175 Including health components in the policy-making process 151 horizontal public health committees formal consultations on, for example, legislation ad hoc committees on specific initiatives intersectoral policies and programmes public health reporting (with the cooperation of other sectors) formal communication between sectors (for example, bilateral meetings of permanent secretaries) EU coordination (see Chapter 9) HIA informal contacts. Intersectoral committees have tended to be heavily health sector dominated but attempts are being made to draw other sectors into such committees, including nongovernmental organizations (NGOs) and representatives of special groups. Lidkoping in Sweden has a public health council that also acts as a crime prevention council and is responsible for promoting safety in the community. The council meets twice a year but a subcommittee meets once a month. Leadership of such committees in some cases by the Prime Minister, or in cities by the mayor, emphasizes overall government responsibility. In England Saving lives: our healthier nation 18 was signed by 12 ministers with a foreword by the Prime Minister. Participation in intersectoral committees takes time and there are indications of lower-level substitutes being sent to meetings, thus defeating the purpose. An evaluation of the impact of intersectoral committees or councils, and what hinders or enhances their effectiveness, would be invaluable. Parliamentary committees or city councils have been involved in formulating intersectoral policies for health in some countries. There is at least anecdotal evidence of this leading to a degree of party political consensus, conducive to long-term commitment. In Sweden, a National Committee for Public Health 19 was established in 1997 composed of politicians from the seven political parties represented in parliament, together with experts and advisers from national authorities, universities, trade unions and NGOs. They were to define national objectives of health development and strategies to achieve them. The politicians represented and reported back to their parties, so developing a considerable degree of consensus. 11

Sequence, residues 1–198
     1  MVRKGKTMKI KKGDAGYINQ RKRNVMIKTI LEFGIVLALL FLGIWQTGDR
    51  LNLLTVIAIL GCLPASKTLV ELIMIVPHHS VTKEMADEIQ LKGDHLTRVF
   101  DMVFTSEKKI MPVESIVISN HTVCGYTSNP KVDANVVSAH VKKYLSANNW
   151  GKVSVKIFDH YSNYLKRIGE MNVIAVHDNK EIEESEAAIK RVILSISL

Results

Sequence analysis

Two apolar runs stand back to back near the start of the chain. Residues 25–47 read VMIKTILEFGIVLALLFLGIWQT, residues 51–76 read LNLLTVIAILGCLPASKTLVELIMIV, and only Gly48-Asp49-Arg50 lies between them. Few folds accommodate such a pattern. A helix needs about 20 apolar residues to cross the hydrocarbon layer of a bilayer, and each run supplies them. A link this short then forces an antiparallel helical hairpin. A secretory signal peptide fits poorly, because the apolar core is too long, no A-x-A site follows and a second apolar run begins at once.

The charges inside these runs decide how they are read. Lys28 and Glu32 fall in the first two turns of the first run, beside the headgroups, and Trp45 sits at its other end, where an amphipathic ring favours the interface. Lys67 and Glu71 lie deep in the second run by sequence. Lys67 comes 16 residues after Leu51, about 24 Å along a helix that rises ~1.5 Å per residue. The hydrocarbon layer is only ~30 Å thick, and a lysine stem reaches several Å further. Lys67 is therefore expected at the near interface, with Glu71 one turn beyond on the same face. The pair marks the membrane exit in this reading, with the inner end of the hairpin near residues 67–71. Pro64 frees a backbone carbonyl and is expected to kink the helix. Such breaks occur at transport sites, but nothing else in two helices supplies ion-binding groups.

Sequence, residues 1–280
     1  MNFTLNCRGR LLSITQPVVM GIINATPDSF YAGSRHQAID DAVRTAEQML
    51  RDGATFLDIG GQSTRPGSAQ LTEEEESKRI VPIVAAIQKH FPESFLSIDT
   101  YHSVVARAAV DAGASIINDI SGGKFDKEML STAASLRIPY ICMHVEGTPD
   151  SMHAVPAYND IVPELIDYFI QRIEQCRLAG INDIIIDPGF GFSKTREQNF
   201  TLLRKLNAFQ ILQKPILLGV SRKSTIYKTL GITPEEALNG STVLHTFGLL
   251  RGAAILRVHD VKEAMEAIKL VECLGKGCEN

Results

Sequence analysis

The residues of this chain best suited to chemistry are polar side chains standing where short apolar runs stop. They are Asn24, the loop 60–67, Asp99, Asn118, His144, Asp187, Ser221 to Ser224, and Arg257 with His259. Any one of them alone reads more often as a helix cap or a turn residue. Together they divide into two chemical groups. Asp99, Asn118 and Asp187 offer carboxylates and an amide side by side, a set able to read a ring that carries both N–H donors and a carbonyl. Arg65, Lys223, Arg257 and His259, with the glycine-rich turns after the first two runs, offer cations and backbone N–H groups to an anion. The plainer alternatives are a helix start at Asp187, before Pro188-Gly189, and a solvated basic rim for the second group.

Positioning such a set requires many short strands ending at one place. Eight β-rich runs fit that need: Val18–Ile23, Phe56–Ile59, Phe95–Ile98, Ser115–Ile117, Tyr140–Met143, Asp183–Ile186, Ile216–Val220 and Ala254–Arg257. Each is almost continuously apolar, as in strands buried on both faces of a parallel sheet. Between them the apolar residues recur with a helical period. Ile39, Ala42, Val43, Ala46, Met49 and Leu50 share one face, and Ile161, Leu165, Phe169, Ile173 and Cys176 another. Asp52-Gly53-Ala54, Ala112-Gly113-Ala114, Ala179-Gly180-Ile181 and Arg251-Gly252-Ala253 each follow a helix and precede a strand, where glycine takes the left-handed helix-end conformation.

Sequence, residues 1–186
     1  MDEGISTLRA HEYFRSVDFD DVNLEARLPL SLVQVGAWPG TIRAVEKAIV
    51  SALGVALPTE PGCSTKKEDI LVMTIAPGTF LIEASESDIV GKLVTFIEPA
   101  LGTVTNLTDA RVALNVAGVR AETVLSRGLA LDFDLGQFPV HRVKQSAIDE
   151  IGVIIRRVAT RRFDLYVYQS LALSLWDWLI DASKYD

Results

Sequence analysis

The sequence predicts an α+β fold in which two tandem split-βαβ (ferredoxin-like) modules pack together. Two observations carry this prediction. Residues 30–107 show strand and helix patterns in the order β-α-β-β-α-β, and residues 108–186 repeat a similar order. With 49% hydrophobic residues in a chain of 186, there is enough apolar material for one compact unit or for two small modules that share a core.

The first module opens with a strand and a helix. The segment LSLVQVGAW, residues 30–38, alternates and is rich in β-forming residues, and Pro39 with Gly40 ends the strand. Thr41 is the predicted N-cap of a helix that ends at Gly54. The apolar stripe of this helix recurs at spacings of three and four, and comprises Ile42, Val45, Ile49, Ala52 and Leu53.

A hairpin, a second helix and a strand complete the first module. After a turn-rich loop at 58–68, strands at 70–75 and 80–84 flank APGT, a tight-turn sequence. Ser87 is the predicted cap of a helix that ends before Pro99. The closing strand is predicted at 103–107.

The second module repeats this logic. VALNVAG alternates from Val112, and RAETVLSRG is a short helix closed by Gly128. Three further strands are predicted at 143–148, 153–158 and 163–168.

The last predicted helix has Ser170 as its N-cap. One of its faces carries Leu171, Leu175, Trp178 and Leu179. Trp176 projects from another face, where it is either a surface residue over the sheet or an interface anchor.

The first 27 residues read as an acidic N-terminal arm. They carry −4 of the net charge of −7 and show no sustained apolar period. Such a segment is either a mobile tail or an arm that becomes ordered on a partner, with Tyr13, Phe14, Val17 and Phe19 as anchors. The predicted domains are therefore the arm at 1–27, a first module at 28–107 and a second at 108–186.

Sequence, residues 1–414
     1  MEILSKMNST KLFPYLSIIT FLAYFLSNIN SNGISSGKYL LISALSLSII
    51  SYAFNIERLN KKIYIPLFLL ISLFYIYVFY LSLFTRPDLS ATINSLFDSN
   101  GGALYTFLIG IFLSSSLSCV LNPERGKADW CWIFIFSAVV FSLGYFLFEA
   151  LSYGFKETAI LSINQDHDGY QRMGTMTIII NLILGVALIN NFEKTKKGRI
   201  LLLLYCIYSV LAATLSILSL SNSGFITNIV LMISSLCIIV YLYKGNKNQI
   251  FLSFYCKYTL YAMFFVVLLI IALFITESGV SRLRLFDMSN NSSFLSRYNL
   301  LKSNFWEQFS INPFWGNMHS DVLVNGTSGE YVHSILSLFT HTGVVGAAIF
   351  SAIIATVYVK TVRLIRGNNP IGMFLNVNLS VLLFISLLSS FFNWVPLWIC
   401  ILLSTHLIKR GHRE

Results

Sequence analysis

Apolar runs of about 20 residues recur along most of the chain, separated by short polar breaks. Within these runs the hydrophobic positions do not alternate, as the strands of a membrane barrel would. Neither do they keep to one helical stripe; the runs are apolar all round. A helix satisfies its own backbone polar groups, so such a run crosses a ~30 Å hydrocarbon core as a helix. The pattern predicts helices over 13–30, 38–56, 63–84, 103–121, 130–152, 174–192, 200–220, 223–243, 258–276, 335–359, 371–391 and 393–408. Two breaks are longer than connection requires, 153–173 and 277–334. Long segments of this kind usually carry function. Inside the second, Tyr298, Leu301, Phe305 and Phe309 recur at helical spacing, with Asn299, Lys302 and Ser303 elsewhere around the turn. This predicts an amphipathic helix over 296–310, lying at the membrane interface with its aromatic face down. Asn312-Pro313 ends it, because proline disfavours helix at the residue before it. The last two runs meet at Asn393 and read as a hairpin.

176 152 Health in All Policies: Prospects and potentials Attempts have been made to include the general public in this process, usually by consultation on draft policy documents. Frequently this is carried out on the Internet, opening the process, but failing to include vulnerable groups. Consensus conferences, national, regional and city Health Forums, and traveling roadshows have been organized to spread the message and involve partners. In Wales, making use of specially prepared videos, the HiAP message was cascaded from a central health forum down to local level. More rarely, efforts are made to assess the health issues important to the public before the formulation of a draft document. In England Choosing health was initiated by a process for asking people what they want and how they could be helped to achieve their aims, so the public set the agenda and identified what for their own good means, not Whitehall. 20 In partnership with one sector or limited sectors, ad hoc committees are created, their membership varying according to the sector. Different organizations and sectors compete for scarce resources and like to delineate their boundaries and dominate their territory. One way of circumventing such rivalries is to involve politicians in the mediation. This type of mixed steering group or committee has proved successful at national, regional and city levels. Involving a high proportion of community representatives has also proved effective. 21 In dealing with a restricted number of issues, countries and cities in the former Eastern Europe frequently use Health Days, which are usually centred around an exhibition open to the general public, offering practical examples of the health issues at hand and involving local industries. Formal consultations in drafting legislation provide an opportunity for the health sector to give its views on legislative proposals but consultation frequently takes place late in the policy process when there is little opportunity for major changes. The development of HIA increases health sectors opportunities for earlier contributions (see Chapters 10 13). The European Commission (EC) has been active in HIA and health systems impact assessment, aiming at better practical considerations of health in the development of proposals in other policy areas, including the addition of health and health systems in the Commission Guidelines on Impact Assessment. 22 Public referenda have resulted in changes in the law concerning nuclear power and pesticides in Italy. Informal contacts between civil servants, particularly in small countries and at local level, can play an important role in HiAP.